Oklahoma Baptist pastors gathered March 28 at Oklahoma City, Southern Hills for the 12th annual Priority of Preaching Conference. The event drew 251 pastors and featured two speakers who are equipped to help pastors preach “From the heart to the heart,” as the theme of the conference emphasized.

Erwin Lutzer shares much wit and practical guidance at Priority of Preaching.

Erwin Lutzer, pastor emeritus of Moody Church in Chicago, Ill., and Rick Reed, president of Heritage Baptist College and Seminary in Ontario, Canada, made their first appearances as speakers of the Priority of Preaching Conference.

Reed opened the conference speaking on the topic of his book “The Heart of the Preacher.”

“Getting to speak to preachers and pastors who preach the Word is such a treat for me,” Reed said in his opening. As a college and seminary president, he specializes in training preachers.

Rick Reed challenges preachers to seek godly ambition and not selfish ambition.

“Preaching is hard work,” Reed continued. “I’m not telling you anything you don’t know. It’s hard work to accurately exegete a passage of Scripture. It’s hard work to dig in and find the main message that will give unity to the sermon. It’s hard work to craft a clear and compelling outline that gives a sense of order and progress. It’s hard work to deliver a message with believable passion, and to do that week in and week out.”

After listing his “hard work” descriptions of preaching, Reed then shared what he claims to be the hardest.

“The hardest part of preaching, I discovered, is keeping my heart in good order week in and week out,” he said. “The hardest part of preaching deals with the heart of the preacher. It’s the ‘heart’ work that preaching requires.”

Reed challenged attendees on the test of ambition and making sure pastors are seeking godly ambition and not selfish ambition. He used Jeremiah 45 as a “case study,” as Baruch, a scribe for Jeremiah, was wrestling with ambition.

“Seeking great things is not a good thing when it’s about personal ambition,” Reed said, and then offered two ways Baruch was seeking ambition for himself. First was seeking approval from others, and the second was seeking exemption from suffering.

“(Baruch) did not want to experience the pain that was coming their way (people of Judah), and he knew what was coming,” Reed said. “Baruch doesn’t want to go there.”

Reed instead told pastors they are to experience life with church members, including times of suffering. He then shared what is the right ambition.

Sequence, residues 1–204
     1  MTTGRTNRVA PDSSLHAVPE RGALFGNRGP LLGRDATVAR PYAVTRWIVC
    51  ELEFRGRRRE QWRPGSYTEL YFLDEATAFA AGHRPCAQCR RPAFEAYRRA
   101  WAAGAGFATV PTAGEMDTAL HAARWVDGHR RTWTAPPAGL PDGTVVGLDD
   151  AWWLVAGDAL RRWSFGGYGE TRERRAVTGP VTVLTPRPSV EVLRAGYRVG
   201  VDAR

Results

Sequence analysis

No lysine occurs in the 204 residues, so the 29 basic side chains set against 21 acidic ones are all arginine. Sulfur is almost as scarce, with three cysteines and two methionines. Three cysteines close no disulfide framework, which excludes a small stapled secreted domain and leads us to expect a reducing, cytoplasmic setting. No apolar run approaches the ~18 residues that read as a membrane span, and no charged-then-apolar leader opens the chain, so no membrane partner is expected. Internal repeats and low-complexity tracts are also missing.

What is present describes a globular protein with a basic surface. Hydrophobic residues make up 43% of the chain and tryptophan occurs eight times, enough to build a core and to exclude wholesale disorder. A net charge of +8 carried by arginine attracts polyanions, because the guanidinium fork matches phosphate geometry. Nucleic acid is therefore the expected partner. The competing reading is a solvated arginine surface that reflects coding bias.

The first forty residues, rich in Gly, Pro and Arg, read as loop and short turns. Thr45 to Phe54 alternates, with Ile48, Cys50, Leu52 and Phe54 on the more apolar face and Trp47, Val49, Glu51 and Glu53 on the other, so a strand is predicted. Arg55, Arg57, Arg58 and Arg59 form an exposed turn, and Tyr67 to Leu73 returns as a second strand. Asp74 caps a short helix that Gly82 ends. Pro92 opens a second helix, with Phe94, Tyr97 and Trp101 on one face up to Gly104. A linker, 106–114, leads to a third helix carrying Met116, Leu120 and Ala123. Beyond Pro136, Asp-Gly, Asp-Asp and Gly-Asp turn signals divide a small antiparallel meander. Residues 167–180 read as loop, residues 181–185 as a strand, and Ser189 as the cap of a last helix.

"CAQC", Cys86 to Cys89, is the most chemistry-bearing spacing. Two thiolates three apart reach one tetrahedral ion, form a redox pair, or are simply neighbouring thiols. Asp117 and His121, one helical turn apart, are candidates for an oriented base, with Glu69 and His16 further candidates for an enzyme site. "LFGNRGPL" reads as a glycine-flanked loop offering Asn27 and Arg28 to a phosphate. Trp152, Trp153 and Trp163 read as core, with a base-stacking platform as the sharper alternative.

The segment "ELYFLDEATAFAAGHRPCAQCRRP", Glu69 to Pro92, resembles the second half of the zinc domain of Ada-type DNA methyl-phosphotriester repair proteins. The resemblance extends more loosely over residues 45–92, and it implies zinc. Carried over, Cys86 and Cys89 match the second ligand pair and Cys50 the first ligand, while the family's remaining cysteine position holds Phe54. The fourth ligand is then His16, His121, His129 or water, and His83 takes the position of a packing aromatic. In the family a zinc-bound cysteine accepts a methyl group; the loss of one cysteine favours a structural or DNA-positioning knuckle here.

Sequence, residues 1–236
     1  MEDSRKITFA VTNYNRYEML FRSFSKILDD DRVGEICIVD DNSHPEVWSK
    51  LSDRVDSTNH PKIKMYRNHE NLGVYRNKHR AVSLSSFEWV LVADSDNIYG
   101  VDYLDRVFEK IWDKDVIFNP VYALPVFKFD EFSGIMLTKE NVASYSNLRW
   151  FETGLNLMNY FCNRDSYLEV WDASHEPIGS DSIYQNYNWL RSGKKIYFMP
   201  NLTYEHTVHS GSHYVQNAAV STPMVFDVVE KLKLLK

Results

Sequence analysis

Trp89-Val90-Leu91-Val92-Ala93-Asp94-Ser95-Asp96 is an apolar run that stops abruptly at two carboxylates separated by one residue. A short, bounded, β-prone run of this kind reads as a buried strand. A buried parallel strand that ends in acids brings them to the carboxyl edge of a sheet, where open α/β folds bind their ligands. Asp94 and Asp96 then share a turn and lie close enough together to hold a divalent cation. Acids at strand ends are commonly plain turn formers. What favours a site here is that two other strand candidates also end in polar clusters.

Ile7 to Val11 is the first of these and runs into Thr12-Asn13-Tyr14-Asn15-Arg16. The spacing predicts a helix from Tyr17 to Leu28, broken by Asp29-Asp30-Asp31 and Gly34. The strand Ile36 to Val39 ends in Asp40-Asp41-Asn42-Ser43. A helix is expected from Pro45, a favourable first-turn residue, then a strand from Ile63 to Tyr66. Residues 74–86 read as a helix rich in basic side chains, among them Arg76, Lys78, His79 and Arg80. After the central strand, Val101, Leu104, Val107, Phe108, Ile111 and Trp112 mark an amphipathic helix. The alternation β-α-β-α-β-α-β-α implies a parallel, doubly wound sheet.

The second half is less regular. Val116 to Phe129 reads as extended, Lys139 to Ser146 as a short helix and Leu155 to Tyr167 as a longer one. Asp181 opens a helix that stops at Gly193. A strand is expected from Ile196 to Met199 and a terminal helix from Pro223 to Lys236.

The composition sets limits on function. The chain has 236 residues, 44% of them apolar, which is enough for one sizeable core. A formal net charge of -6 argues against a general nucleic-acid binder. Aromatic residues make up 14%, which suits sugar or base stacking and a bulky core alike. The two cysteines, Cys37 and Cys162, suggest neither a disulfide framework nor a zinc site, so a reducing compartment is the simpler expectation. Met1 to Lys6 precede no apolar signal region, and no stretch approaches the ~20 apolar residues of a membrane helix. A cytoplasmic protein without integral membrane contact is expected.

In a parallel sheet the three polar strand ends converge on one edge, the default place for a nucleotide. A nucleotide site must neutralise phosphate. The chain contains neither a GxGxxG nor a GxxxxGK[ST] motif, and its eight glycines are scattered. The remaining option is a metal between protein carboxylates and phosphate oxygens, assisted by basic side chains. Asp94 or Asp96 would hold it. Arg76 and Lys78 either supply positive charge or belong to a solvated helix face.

“Seeking great things is a good thing when it’s about God’s agenda,” he said.

Lutzer served more than 35 years pastoring the church founded by D.L. Moody and followed well-known Bible teacher and preacher Warren Weirsbe in pastoring Moody Church. He shared with conference attendees instructions on preparing sermons or “Sermon preparation made simpler.”

With much wit and practical guidance, Lutzer offered examples of sermon delivery that emphasized finding key words in Bible passages. “What is the direction of the passage and the big idea?” he asked. “Think of a key word that will give the message direction, unity and progress.”

Among the characteristics of effective preaching he offered, Lutzer said, “A preacher must think clearly and feel deeply and cause his hearers to do the same.”

He described the delivery of a sermon as taking people on a journey. “It’s not supposed to be a bunch of random comments no matter how wonderful those comments might be,” he said. “You have to give them a reason for why they should listen.”

The conclusion is an important part of the sermon, Lutzer said, and even the most mediocre message can improve with a good conclusion.

“Work on your conclusions,” he said. “Don’t just simply say ‘May God bless this truth to your hearts,’ and then the sermon is over. Ask yourself this question, ‘Is there an illustration or a quote that I can use that nails the ending?’”

For the afternoon sessions, Lutzer spoke on “Lessons from a Thousand Sundays,” and Reed gave instructions on “Preaching in Pain.” Concluding his talk, Reed allowed time for pastors to pray with each other.

“Progress, not perfection, is what God calls us to pursue in our preaching ministries. And this we did through the helpful instruction of Dr. Erwin Lutzer and Dr. Rick Reed who encouraged and equipped us,” said Brett Selby, regional ministry partner for Oklahoma Baptists, who was instrumental in organizing the conference. “Thanks to Southern Hills Baptist Church for hosting and to Oklahoma Baptists giving through the Cooperative Program to make this event possible.”